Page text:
The Brazilian vegetarian society (SVB) estimates that 30 million people in Brazil have adopted a vegetarian diet, or 14% of the overall population of the country. This figure represents an increase of 75% on 2012 numbers, when 8% of Brazilians defined themselves as vegetarians.
Research by Ibope and Kantar Wordpanel has found there are 240 vegan and vegetarian restaurants in Brazil. Fast food chains are also cashing in on the trend and offering meatless options. Food companies that have traditionally peddled meat only have started to include veggie burgers in their portfolio.
The success of vegan burger foodtech company Futuro Burger by Fazenda Futuro is another sign that times are a-changin’ in Brazil. Their recipe includes pea protein, chickpea, onion and beetroot. Their goal is to offer a facsimile meat alternative aimed at those who are transitioning and miss the texture of animal flesh.
Changes are happening in the official sphere as well. The city of Jundiaí, in São Paulo, has been in the news for its groundbreaking initiative to offer vegetarian options at primary schools in order to positively influence children’s eating behavior. The addition of plant-based proteins to the young students’ menus is being monitored by the Vegetarian Society. The organization says the recipes are simple and tasty and are adapted from recipes the children already know and like.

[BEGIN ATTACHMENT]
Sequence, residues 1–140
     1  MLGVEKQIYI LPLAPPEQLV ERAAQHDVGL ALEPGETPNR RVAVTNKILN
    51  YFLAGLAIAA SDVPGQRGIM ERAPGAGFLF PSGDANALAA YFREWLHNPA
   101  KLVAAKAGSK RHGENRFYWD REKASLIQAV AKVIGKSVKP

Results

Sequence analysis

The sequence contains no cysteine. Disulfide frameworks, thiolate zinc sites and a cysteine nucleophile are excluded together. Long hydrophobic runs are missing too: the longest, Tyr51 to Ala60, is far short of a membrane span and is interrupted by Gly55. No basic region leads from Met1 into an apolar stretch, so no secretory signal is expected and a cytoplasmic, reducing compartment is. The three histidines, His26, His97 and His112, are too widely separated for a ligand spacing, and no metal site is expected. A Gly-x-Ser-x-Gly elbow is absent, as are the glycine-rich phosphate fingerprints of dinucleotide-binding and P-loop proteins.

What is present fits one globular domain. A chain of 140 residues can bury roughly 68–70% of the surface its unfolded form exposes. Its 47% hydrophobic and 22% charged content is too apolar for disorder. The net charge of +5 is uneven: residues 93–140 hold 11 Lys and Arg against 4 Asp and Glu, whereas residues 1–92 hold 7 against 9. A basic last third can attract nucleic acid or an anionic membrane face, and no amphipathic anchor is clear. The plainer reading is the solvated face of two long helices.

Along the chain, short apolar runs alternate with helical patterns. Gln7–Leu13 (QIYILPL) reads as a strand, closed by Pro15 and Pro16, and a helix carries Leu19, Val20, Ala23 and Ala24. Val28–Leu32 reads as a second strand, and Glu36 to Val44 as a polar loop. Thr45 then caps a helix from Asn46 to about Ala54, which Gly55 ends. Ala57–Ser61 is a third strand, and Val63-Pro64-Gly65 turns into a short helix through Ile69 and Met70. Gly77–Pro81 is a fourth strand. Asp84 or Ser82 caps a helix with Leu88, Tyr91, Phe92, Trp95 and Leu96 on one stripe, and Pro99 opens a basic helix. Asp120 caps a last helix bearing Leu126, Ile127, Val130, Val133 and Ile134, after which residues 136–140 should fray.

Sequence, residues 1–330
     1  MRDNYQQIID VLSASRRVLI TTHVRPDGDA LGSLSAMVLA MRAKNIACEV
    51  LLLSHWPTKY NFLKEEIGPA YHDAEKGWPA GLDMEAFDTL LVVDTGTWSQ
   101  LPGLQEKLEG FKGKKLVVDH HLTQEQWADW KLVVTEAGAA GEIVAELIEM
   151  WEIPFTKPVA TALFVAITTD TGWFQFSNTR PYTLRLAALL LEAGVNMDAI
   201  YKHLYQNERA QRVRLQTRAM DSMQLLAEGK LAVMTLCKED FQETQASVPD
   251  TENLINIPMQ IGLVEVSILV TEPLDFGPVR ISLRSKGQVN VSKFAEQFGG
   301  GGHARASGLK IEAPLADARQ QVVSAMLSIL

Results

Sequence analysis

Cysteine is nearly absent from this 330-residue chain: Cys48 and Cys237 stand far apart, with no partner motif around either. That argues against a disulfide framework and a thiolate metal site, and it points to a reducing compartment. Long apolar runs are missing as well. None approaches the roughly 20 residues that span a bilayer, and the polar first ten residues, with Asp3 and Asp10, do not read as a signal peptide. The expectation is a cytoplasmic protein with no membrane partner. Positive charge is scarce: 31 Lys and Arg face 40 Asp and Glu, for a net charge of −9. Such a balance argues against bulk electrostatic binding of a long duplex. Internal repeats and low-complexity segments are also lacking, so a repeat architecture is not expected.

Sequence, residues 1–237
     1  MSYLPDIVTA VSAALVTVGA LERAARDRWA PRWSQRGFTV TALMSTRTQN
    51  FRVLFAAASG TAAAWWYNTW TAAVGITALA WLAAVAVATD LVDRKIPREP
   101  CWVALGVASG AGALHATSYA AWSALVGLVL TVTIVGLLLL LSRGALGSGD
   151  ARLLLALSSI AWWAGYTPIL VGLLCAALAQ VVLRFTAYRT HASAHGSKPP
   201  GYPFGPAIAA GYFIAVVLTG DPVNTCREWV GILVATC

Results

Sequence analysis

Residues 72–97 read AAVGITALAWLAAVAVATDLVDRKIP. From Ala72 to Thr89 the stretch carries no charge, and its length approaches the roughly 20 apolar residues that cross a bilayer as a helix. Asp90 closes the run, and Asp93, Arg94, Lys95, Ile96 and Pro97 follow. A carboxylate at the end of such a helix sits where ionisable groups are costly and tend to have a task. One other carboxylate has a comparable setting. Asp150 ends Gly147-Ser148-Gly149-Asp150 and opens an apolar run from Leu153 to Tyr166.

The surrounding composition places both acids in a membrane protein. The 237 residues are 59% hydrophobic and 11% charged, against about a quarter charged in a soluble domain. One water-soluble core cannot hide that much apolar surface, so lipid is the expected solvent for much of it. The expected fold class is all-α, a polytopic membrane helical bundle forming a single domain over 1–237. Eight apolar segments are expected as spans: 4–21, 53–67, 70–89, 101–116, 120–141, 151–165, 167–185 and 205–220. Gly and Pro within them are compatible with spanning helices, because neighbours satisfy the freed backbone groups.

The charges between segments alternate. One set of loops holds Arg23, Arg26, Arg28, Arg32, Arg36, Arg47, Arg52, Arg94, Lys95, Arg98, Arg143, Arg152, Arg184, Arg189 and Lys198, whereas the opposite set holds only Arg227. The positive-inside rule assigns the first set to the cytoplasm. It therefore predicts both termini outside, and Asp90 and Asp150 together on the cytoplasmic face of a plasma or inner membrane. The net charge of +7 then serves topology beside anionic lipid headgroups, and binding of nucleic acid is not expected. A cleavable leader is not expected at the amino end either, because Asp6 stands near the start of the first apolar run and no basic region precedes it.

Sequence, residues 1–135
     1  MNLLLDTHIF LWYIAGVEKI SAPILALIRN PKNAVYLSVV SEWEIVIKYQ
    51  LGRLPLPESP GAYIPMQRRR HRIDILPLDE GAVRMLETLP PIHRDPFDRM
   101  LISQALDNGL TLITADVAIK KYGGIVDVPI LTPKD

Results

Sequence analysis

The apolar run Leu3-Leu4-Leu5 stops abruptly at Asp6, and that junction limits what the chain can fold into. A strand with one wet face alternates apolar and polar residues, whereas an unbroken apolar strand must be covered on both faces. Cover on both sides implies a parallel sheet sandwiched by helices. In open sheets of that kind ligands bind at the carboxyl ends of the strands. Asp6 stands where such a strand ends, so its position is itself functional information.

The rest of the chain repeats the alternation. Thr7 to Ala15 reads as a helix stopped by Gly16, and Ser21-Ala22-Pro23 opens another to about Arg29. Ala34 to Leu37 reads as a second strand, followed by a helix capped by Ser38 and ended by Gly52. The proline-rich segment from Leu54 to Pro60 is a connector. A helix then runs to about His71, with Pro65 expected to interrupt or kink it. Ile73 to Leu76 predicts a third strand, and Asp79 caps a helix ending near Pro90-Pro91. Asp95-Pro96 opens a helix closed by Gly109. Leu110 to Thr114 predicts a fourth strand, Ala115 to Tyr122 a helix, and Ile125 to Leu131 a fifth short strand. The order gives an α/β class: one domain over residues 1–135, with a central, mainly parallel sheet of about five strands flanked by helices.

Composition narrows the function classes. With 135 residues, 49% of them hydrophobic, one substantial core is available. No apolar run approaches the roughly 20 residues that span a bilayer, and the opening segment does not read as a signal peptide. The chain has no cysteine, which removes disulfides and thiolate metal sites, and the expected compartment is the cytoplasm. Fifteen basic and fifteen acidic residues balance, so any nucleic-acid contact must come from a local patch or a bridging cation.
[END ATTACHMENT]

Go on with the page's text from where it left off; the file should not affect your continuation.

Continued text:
Further south in Florianópolis, a 2015 bill allows city schools to implement a vegetarian menu in schools across the city. The administration expects the number of parents looking for veggie alternatives for their kids at school to grow. City cooks are now trained to understand and cater for the needs of vegetarian and vegan children. Meanwhile, the city is studying menu preferences and behavior patterns in order to improve its vegetarian catering.